18.10.3.3   Calculating the Potential Overpayment

A potential overpayment is calculatedFootnote 2 based on the value of benefits that could have been paid to the claimant if he or she had not been disentitled or disqualified or had met the qualifying conditions. The potential overpayment is used only to code the value of a violation when a penalty is assessed for misrepresentation relating to qualifying conditionsFootnote 3 or the presence of disentitling or disqualifyingFootnote 4 conditions that affect payment of benefits. Potential overpayment refers to a monetary value calculated by multiplying the benefit rate by the average number of weeks of regular benefit . A potential overpayment never affects the amount of an overpayment or the penalty calculation.

A potential overpayment can be calculated when:

  • there are still weeks of regular benefits payable on the claim;
  • a benefit rate is established;
  • the misrepresentation is discovered while the claim is active, or may be re-activated;
  • the misrepresentation affects entitlement, qualification or qualifying conditions.

It is important to remember that a potential overpayment only exists when the misrepresentation is discovered in time to prevent further payment on a claim. There must also be the possibility of further payment following the disqualifying or disentitling event. Thus, a disqualifying event discovered after a claim has exhausted the 52 week window of duration cannot have a potential overpayment, as there is no possibility of payment on a claim that has ended.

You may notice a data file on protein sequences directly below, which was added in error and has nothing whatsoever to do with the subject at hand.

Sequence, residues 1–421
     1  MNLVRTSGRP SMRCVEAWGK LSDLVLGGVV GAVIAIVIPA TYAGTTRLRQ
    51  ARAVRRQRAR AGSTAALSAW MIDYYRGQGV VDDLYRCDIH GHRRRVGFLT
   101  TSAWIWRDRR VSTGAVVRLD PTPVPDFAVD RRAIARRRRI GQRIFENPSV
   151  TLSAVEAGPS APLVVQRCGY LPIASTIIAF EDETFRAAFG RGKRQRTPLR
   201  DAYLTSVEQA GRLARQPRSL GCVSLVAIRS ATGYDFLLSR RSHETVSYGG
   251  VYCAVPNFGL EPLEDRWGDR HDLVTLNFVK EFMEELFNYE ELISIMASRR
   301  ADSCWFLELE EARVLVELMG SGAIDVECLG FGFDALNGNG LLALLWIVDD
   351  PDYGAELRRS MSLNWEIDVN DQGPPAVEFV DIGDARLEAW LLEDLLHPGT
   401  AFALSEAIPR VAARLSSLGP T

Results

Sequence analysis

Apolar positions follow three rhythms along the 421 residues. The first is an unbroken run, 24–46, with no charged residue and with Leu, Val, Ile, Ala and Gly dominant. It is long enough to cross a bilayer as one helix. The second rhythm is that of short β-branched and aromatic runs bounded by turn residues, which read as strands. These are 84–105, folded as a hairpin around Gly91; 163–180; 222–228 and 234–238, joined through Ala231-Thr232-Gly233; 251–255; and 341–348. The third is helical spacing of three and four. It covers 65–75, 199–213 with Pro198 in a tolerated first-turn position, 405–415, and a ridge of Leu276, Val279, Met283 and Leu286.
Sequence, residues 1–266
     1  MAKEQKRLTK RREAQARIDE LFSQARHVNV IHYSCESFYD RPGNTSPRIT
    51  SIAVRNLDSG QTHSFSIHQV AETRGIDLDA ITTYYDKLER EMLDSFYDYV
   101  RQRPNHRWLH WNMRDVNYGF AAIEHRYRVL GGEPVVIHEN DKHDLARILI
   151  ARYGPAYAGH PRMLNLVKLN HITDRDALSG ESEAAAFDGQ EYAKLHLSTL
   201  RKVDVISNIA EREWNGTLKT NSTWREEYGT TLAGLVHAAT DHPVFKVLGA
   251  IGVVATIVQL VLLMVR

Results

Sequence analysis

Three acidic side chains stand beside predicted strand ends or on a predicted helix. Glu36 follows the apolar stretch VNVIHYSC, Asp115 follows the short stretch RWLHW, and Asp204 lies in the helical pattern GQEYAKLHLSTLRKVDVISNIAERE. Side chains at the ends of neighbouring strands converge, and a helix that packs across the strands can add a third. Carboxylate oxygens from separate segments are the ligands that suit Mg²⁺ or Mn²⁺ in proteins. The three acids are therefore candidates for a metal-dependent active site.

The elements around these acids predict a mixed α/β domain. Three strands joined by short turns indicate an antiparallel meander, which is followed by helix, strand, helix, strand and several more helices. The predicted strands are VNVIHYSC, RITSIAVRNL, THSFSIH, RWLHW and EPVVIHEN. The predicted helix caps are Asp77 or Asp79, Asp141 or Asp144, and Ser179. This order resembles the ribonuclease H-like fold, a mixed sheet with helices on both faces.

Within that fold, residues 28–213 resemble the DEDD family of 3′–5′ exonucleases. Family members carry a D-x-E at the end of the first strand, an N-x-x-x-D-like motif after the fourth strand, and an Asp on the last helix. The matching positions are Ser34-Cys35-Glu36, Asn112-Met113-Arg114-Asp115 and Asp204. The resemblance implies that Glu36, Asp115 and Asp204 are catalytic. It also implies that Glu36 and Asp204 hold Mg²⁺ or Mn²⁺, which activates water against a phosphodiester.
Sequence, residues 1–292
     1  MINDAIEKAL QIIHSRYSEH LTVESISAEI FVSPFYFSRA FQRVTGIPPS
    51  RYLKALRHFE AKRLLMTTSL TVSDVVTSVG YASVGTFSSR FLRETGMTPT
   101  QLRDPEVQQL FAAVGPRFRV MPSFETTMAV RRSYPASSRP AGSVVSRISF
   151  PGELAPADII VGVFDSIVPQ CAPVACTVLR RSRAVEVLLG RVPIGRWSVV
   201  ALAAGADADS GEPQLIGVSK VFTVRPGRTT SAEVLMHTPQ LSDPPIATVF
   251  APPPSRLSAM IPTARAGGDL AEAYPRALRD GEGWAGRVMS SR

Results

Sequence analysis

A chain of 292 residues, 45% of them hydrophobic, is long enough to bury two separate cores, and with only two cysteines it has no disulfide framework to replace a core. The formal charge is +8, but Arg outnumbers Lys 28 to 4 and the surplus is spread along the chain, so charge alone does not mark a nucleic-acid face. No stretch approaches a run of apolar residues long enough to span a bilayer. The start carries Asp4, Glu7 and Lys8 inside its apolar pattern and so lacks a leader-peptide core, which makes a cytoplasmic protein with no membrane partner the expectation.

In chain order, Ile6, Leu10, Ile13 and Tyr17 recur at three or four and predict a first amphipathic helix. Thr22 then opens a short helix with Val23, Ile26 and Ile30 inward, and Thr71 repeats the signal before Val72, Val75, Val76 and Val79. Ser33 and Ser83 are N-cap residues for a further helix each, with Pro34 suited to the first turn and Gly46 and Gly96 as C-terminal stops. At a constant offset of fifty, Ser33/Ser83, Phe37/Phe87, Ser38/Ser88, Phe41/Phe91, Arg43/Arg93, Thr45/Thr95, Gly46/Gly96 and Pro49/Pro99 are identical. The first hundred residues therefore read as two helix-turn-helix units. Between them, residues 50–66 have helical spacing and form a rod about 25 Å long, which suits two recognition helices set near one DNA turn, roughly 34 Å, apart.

EIR 13 creates the legislative framework by which the term average number of weeks of regular benefits is defined. It says the average number of weeks is calculated by:

  • taking the number of weeks of regular benefits that were calculated as payable under EIA 12(2) or EIR (Fishing) 8;
  • subtracting any weeks in which benefits were actually paid; and
  • dividing the result in half.

A week of regular benefits restricts the calculation by excluding any weeks of sickness, maternity, parental, compassionate care or parents of critically ill children benefits that may be payable in the benefit period under review. The term regular benefits refer to the weeks of benefit that directly result from the claim calculation. This is an arithmetical calculation that considers hours of insured employment and the regional rate of unemployment. Entitlement, or the right to receive the benefits calculated, depends on a claimant being ready, willing and able to seek and accept work. This differs from special benefits in which a claimant may meet a threshold requirement and be entitled to the maximum weeks of payment allowed for that kind of benefitFootnote 5.

October 2013 ]

18.10.3.4   When the File Has Net (Actual) and Potential Overpayments

The actual overpayment is calculated based on benefits that should not have been paid. The net overpayment is calculated as described in 18.10.3.3. The penalty is calculated based on the net overpayment only. The violation is triggered by the penalty and coded based on the total of the net and potential overpayments.

18.10.4   Subsequent Violations: An Exception in the Classified Violations

As with other classified violations, a subsequent violation may be triggered by the imposition of a monetary penalty. A subsequent violation is exceptional in the classified violations, because it is not coded based on the value of the overpayment. A subsequent violation is coded if a previous violation has been recorded in the past 260 weeks. The important condition is that the notice is issued. Case law confirms that notification of, or the claimant's knowledge of a previous violation is irrelevant in coding a subsequent violation.